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[161] fond of reading letters from Europe, and was grateful for access to those written by Mr. Rand and Mr. Ticknor while they were abroad, and to those received by Mr. Daveis from his English friends. He corresponded with George Gibbs, who in 1835 passed some time in Paris, where through Sumner's introduction he was well received by Foelix.

In the early part of 1837, a strong friendship was formed between Cornelius C. Felton, Henry W. Longfellow, George S. Hillard, Henry R. Cleveland, and Sumner; they called themselves the ‘Five of Clubs.’ They were near to each other in age; Longfellow being thirty, Felton twenty-nine, Hillard and Cleveland twenty-eight, and Sumner twenty-six. Of the five, Hillard only was married. All achieved an honorable place in literature. Cleveland1 was a teacher by profession, and a scholar of a refined and sensitive nature; and, after suffering several years from ill-health, he died at the age of thirty-four. The others lived to fulfil the rich promise of youth. Felton and Sumner became friends when the former was Greek professor at Harvard College,2 and the latter a student in the Law School. The friendship of Hillard and Sumner began with their law-partnership. A single interview, in 1835, between Longfellow and Sumner, in Felton's room, was their only meeting before the former, having passed more than a year in Europe after his election as Mr. Ticknor's successor, assumed in Dec., 1836, the duties of his professorship at Cambridge. The ‘Five’ came together almost weekly, generally on Saturday afternoons. They met simply as friends with common tastes and the fullest sympathy with each other, talking of society, the week's experiences, new books, their individual studies, plans, and hopes, and of Europe,—which Longfellow and Cleveland had seen, and which the others longed to see. They loved good cheer, but observed moderation in their festivities. A table simply spread became a symposium when Felton, with his joyous nature, took his seat among his friends; and the other four were not less genial and hearty. There was hardly a field of literature which one or the other had not traversed, and they took a constant interest in each other's studies. Each sought the criticism of the rest upon his own book, essay, or poem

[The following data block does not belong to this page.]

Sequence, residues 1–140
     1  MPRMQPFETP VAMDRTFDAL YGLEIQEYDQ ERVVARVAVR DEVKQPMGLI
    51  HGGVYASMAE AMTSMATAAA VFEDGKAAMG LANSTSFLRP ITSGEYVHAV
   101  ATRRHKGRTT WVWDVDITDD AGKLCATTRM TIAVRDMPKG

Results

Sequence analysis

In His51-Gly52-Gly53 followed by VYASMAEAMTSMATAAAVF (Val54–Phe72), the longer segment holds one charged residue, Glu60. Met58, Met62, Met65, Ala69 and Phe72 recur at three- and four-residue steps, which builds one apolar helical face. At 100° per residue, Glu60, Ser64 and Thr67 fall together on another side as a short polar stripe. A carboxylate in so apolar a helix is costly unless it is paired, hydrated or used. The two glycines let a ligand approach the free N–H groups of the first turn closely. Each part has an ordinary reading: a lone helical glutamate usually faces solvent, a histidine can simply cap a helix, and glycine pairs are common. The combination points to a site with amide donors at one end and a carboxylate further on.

1 Cleveland was born Oct. 3, 1808, and died June 12, 1843. A memoir, with selections from his writings, was prepared by Mr. Hillard.

2 Felton was born Nov. 6, 1807, and died Feb. 26, 1862. He was, at the time of his death, President of Harvard University.

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